The district’s headquarters at 9400 North Central Expressway is now officially the Linus D. Wright Dallas ISD School Administration Building. A naming ceremony on Wednesday, Sept. 26, honored Wright’s achievements.
Wright was Dallas ISD superintendent from 1978–1987. His support for schoolchildren continued as he served as Under Secretary of the U.S. Department of Education, was a consultant to boards of education and school districts, an adjunct professor and served on several community and education organizations.
“Linus is one of those people that everyone in the city thinks positively of,” Dallas ISD District 2 Trustee Dustin Marshall said. “When I decided to get involved in politics, Linus was one of the people I sought out to meet with.” Wright hand-wrote letters supporting Marshall’s campaign as well.
Marshall read a letter from Texas Education Agency Commissioner Mike Morath congratulating the district for choosing to put Wright’s name on its administration building.
Community members Dalene and John Buhl advocated to have the building named to honor Wright.
“Having begun his teaching career nearly 70 years ago in 1949 after serving in World War II, Linus rose in five years to become the youngest assistant superintendent in Texas,” Dalene Buhl said. “Linus has never wavered in leading academic achievement innovations.”
She said Wright enacted the first teacher performance-pay initiative and took the district from a $0 fund balance to financial solvency. That work positioned Dallas ISD as a national leader for student academic achievement among urban districts in the 1980s, she said.
With Wright’s name on the building, some schoolchildren who see it will research the man behind it.
“They might just be inspired to be just like Linus when they grow up,” Buhl said.
John Buhl joked that it’s easier to list what Wright hasn’t accomplished in his career, including having never been President of the United States and not inventing the light bulb. Wright was, Buhl said, involved in the push for statewide kindergarten, no pass/no play and hiring women in top leadership positions when it wasn’t something that was done.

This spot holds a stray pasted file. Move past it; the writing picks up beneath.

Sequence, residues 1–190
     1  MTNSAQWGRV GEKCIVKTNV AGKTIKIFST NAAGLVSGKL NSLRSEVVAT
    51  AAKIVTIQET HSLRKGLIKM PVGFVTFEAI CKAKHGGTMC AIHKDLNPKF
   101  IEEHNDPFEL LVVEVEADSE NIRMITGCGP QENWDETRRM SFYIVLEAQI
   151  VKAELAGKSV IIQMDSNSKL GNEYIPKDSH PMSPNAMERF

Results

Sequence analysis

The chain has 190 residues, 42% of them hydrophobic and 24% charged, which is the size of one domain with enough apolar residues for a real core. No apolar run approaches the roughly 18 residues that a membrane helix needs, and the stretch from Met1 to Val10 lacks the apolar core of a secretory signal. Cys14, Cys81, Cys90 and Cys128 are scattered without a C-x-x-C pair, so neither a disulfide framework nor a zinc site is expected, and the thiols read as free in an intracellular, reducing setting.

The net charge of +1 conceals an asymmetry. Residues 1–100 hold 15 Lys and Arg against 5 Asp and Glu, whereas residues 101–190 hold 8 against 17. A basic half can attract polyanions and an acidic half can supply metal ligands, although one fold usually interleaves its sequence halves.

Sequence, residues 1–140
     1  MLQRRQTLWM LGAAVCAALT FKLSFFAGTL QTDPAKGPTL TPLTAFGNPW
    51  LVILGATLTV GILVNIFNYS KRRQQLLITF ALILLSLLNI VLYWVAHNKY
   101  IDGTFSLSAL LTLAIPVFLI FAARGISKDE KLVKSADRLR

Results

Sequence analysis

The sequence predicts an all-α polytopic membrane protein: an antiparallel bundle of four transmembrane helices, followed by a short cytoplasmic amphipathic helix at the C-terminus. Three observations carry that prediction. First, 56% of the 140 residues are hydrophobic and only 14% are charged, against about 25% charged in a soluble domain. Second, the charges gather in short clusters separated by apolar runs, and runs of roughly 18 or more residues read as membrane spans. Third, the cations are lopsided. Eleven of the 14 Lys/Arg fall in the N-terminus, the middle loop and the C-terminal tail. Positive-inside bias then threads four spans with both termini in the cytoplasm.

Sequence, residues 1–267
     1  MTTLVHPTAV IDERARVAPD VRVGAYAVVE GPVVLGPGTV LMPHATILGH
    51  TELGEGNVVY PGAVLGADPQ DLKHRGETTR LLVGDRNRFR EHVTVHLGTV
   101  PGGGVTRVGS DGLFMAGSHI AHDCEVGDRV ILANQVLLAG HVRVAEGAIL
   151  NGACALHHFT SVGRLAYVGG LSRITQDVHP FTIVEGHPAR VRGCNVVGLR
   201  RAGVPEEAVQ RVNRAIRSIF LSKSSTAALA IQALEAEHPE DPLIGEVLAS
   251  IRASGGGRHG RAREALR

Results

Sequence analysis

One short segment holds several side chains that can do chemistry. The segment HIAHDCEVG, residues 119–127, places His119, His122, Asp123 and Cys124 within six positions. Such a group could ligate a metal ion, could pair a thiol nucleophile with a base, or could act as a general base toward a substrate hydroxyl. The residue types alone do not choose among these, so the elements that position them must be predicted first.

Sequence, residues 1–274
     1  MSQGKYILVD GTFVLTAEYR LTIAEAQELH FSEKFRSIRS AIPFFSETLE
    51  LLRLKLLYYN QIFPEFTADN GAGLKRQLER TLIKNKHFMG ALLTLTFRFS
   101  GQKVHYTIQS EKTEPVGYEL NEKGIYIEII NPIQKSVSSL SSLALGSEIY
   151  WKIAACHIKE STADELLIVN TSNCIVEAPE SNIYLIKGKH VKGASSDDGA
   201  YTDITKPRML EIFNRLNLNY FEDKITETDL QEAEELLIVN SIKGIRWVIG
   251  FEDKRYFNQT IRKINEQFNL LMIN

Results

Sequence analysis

Current Superintendent Michael Hinojosa recalled being a teacher and coach while Wright led the district. Wright was respected at the school level because of the way he carried himself and the contributions he gave to the district.
Hinojosa said it took a special person to navigate the politically charged climate of the 1980s, when integration was beginning – someone who could work with the board, the staff and the community to move forward with all the groups’ respect.
Another important initiative Wright began was Alternative Certification to fill in the gaps where there weren’t enough college graduates earning teaching degrees. Many of those teachers became principals and great leaders in the district. Wright’s impact as a person of integrity has lingered, Hinojosa said.
“I remember, sitting at the old Ross building where he was superintendent, and I had to deal with a few initials, like the FBI,” Hinojosa said. “And I would sit there, ‘What would Linus do?’”
Wright’s name can serve to inspire students and their families who enter the building, he said, including those new to the country who visit the Intake Center.
“They’ll see your name and the inspiration that you’ve brought to the community,” Hinojosa said.
After Hinojosa and Chief of Staff Pamela Lear unveiled a portrait of Wright, the man himself took to the podium.
Linus Wright said that in his 50 years in education, his time in Dallas was the most memorable. He said he was thankful for the friends who had supported him along the way.
“Education is the only tool, and the most powerful tool, for changing the world,” he said. “That’s what we’re about, all of us, trying to change the world for the better.”
He said he hoped that the people who occupy the building in the future continue to have Hinojosa’s passion and continue making the best decisions for children.